For Immediate Release
Ed Shelleby (202) 662-3602
CDF Statement on New Data Showing 8.1 Million Uninsured Children, 14.1 Million Children in Poverty in 2008
Number of Children Living in Poverty Increased by Nearly 750,000
WASHINGTON - Today, Children's Defense Fund (CDF) President Marian Wright Edelman
issued the following statement in response to the Census Bureau's
release of data showing that, in 2008, 8.1 million children were
uninsured and 14.1 million children lived in poverty.
"Today's Census data show that there are 8.1 million
uninsured children in America. This new information only underscores
why health reform must guarantee that every child in America can easily
access comprehensive, affordable health coverage. We know that
investing in preventive services for children and addressing their
health needs now is far more cost-effective than ignoring them.
Communities incur increased costs when their children are not insured,
often because of increased use of emergency rooms and longer hospital
stays. For example, an uninsured child can cost the community as much
as $2,100 more than a child covered by Medicaid or the Children's
Health Insurance Program (CHIP).
"In this economic downturn it is no surprise that the number
of children in poverty has skyrocketed. The number of children living
in poverty increased by nearly 750,000 to 14.1 million-with poverty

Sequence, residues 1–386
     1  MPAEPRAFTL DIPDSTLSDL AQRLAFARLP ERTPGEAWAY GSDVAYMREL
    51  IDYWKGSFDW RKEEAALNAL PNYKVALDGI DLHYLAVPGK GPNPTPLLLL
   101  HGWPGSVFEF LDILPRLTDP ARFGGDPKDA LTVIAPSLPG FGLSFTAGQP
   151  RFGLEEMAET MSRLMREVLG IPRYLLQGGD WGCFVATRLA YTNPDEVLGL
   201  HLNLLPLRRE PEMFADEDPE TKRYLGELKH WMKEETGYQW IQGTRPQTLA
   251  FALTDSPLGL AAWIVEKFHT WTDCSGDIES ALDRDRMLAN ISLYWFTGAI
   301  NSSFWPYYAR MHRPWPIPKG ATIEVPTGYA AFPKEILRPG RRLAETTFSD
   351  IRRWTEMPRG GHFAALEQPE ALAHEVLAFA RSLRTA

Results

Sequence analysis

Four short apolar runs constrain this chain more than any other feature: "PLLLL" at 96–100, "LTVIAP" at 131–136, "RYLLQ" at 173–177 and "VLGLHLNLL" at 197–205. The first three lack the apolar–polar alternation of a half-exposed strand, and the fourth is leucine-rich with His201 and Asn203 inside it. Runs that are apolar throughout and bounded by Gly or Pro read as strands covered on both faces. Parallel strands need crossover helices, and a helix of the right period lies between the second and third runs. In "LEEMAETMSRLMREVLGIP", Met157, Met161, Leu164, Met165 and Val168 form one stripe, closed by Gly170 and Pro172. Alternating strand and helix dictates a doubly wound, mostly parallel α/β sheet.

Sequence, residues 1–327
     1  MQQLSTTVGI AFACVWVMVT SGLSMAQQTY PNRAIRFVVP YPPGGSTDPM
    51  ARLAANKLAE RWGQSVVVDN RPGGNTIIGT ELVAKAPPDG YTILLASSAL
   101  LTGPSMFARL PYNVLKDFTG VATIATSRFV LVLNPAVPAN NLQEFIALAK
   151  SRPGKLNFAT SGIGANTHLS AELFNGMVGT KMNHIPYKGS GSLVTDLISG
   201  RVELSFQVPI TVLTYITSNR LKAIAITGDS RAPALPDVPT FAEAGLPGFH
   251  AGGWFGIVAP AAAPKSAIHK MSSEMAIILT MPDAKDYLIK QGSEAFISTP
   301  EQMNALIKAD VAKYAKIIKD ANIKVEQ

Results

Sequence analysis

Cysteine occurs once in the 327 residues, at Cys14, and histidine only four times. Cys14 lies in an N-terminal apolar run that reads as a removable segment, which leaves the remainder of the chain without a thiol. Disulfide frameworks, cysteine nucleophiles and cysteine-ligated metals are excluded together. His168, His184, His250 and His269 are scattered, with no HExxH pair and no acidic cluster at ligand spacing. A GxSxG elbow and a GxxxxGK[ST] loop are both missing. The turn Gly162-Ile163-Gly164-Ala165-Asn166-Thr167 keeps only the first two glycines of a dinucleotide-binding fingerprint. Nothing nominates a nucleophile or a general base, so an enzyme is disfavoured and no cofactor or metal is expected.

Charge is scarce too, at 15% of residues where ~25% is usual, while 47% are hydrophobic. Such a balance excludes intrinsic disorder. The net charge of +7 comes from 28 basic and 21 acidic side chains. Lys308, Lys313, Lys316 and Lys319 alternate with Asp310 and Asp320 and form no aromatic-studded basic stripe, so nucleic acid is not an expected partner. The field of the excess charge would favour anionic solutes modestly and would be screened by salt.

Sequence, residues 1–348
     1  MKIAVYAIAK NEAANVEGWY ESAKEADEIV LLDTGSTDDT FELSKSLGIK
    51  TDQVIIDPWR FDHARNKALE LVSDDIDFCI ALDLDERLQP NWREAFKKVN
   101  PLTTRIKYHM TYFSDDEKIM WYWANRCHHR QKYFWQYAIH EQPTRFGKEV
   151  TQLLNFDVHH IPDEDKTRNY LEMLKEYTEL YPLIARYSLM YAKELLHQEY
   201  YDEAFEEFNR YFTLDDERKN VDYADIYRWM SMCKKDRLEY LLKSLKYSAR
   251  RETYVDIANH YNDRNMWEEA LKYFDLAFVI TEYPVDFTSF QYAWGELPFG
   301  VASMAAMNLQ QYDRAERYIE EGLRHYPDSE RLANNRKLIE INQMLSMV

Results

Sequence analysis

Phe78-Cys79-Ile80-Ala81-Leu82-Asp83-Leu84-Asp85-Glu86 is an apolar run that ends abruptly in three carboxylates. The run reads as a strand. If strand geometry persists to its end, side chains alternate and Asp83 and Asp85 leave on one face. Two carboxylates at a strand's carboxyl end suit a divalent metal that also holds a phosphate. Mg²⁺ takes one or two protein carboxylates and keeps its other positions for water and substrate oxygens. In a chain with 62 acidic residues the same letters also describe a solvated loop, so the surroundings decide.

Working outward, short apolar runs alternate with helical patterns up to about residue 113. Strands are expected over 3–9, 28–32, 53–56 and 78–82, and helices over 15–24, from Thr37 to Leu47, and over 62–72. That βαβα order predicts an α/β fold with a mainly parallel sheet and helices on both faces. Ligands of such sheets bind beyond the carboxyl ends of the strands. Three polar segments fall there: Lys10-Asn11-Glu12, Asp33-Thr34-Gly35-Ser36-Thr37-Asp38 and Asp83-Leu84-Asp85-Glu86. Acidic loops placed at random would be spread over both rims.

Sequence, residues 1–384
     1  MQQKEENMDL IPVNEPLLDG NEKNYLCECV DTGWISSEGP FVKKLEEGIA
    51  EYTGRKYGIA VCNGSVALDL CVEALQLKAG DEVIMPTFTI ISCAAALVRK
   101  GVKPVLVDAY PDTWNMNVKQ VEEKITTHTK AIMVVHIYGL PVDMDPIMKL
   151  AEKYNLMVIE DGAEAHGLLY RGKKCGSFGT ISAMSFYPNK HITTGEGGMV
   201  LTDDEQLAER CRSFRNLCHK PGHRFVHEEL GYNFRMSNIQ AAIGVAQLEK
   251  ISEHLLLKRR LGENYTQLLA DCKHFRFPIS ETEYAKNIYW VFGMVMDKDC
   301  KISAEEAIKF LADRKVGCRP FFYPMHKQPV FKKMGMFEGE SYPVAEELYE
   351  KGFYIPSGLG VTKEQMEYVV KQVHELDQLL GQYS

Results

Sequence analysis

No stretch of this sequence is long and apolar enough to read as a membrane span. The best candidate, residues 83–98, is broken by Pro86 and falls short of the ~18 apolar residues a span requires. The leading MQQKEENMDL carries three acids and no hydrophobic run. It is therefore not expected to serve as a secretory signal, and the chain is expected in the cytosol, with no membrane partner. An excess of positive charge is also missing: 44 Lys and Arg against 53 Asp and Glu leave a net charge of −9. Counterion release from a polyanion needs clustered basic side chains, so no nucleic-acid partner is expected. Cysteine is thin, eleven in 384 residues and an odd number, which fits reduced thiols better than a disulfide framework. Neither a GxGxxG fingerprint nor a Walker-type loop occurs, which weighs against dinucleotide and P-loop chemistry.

being defined as a family of four with an annual income less than
$22,050-and the number of children living in extreme poverty-defined as
children living in a family of four having an annual income of less
than $11,025-also increased by over 500,000 to 6.3 million children.
This is the biggest increase in child poverty since 1992, showing that
the recession has had a deep impact on our country's children.
"It is more important than ever to reweave our national
safety net. When parents lose their jobs, children and their families
should be able to access the health coverage, unemployment benefits,
and early childhood development programs that they need. Each year
that we keep children in poverty costs our nation half a trillion
dollars in lost productivity, higher crime and poorer health. It is
time for each one of us to commit ourselves to ending child poverty in
every corner of America."
Unlike the Census Bureau, the Children's Defense Fund includes
18-year-olds in their estimated number of uninsured children because
both the Children's Health Insurance Program (CHIP) and Medicaid cover
children through age 18; this accounts for any discrepancy between CDF
and Census Bureau figures.
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The Children's Defense Fund (CDF) is a non-profit child advocacy organization that has worked relentlessly for 35 years to ensure a level playing field for all children. We champion policies and programs that lift children out of poverty; protect them from abuse and neglect; and ensure their access to health care, quality education, and a moral and spiritual foundation.